Joseph E. Simanonok, Petitioner-appellant, v. Commissioner of Internal Revenue, Respondent-appellee, 731 F.2d 743 (11th Cir. 1984)Annotate this Case
Joel Gerber, Robert B. Miscavich, I.R.S., Michael L. Paup, Chief, Appellate Section, Glenn L. Archer, Jr., Asst. Atty. Gen., Gary R. Allen, William P. Wang, U.S. Dept. of Justice, Tax Div., Washington, D.C., for C.I.R.
Appeal from the Decision of the United States Tax Court.
Before HILL, JOHNSON and HENDERSON, Circuit Judges.
Joseph E. Simanonok filed suit in the tax court seeking a redetermination of his tax liability. The tax court, rejecting Simanonok's contentions that he is not an individual subject to tax, that he is not required to file returns, that he had not received income because his paychecks were received in exchange for his costs and disbursements of labor, and that he is a minister and exempt from indirect taxes (among other claims), entered summary judgment in favor of the Internal Revenue Service. The tax court correctly determined that Simanonok's contentions are completely without merit; we therefore affirm the tax court's decision as to these issues. See Circuit Rule 25.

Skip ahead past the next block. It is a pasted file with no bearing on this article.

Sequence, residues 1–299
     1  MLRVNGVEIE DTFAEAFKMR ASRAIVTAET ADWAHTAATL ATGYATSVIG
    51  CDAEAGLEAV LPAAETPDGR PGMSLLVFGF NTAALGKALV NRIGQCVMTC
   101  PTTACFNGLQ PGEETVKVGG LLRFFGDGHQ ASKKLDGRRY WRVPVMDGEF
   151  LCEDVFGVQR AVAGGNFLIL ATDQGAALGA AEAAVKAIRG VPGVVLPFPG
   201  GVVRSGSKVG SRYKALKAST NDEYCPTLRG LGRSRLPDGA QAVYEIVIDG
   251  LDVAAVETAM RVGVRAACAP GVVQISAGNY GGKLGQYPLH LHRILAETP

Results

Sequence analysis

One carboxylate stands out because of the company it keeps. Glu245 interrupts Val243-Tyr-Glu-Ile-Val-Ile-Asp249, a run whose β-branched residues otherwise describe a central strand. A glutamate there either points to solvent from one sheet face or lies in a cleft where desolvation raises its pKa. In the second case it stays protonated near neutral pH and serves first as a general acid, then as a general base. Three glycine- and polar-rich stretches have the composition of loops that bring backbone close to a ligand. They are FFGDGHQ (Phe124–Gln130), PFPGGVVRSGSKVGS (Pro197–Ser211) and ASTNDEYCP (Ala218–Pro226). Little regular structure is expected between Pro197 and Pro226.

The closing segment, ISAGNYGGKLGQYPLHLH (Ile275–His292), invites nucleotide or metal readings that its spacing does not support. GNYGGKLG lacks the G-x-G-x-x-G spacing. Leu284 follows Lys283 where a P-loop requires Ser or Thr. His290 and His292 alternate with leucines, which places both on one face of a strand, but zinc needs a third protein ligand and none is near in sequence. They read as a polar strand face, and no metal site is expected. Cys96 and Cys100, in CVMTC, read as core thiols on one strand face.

On appeal, Simanonok raises for the first time the contention that the tax court is unconstitutional under the Supreme Court's decision in Northern Pipeline Construction Co. v. Marathon Pipeline Co., 458 U.S. 50, 102 S. Ct. 2858, 73 L. Ed. 2d 598 (1982). Although Simanonok raises this issue for the first time on appeal, we may consider it because it affects the jurisdiction of the court. Knighten v. Commissioner, 705 F.2d 777, 778 (5th Cir.), cert. denied, --- U.S. ----, 104 S. Ct. 249, 78 L. Ed. 2d 237 (1983). Nevertheless, we find Simanonok's argument on this issue also to be without merit. This issue has been presented to this court before and rejected. See Melton v. Kurtz, 575 F.2d 547 (5th Cir. 1978); Nash Miami Motors, Inc. v. Commissioner, 358 F.2d 636 (5th Cir. 1966). Although these cases were decided before the Supreme Court's decision in Northern Pipeline, Northern Pipeline does not affect the validity of their holdings. The jurisdiction of the tax court is not so far-ranging as to violate Article III. See Redhouse v. Commissioner, 728 F.2d 1249 at 1253 n. 2 (9th Cir. 1984).